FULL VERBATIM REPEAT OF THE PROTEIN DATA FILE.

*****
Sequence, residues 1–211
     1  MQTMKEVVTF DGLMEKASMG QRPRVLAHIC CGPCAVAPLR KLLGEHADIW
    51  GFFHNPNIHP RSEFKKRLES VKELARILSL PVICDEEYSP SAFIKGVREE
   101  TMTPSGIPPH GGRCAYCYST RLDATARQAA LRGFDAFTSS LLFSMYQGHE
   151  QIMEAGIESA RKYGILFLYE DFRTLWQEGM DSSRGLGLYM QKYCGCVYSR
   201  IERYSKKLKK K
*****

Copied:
Sequence, residues 1–211
     1  MQTMKEVVTF DGLMEKASMG QRPRVLAHIC CGPCAVAPLR KLLGEHADIW
    51  GFFHNPNIHP RSEFKKRLES VKELARILSL PVICDEEYSP SAFIKGVREE
   101  TMTPSGIPPH GGRCAYCYST RLDATARQAA LRGFDAFTSS LLFSMYQGHE
   151  QIMEAGIESA RKYGILFLYE DFRTLWQEGM DSSRGLGLYM QKYCGCVYSR
   201  IERYSKKLKK K